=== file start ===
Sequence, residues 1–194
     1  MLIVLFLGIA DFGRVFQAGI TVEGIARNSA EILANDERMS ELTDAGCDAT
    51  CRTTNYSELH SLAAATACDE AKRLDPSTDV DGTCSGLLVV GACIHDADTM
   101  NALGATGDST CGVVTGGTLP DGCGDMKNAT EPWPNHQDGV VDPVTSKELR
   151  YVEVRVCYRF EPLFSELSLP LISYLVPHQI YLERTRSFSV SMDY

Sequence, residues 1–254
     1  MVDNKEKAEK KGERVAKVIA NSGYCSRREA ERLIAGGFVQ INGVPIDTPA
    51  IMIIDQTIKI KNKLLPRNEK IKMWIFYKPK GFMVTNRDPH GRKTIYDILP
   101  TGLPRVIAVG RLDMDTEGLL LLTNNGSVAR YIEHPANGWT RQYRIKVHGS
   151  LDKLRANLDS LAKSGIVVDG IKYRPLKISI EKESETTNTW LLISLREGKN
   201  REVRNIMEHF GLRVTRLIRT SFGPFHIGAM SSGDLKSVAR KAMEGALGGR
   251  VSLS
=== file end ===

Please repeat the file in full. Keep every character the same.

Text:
Sequence, residues 1–194
     1  MLIVLFLGIA DFGRVFQAGI TVEGIARNSA EILANDERMS ELTDAGCDAT
    51  CRTTNYSELH SLAAATACDE AKRLDPSTDV DGTCSGLLVV GACIHDADTM
   101  NALGATGDST CGVVTGGTLP DGCGDMKNAT EPWPNHQDGV VDPVTSKELR
   151  YVEVRVCYRF EPLFSELSLP LISYLVPHQI YLERTRSFSV SMDY

Sequence, residues 1–254
     1  MVDNKEKAEK KGERVAKVIA NSGYCSRREA ERLIAGGFVQ INGVPIDTPA
    51  IMIIDQTIKI KNKLLPRNEK IKMWIFYKPK GFMVTNRDPH GRKTIYDILP
   101  TGLPRVIAVG RLDMDTEGLL LLTNNGSVAR YIEHPANGWT RQYRIKVHGS
   151  LDKLRANLDS LAKSGIVVDG IKYRPLKISI EKESETTNTW LLISLREGKN
   201  REVRNIMEHF GLRVTRLIRT SFGPFHIGAM SSGDLKSVAR KAMEGALGGR
   251  VSLS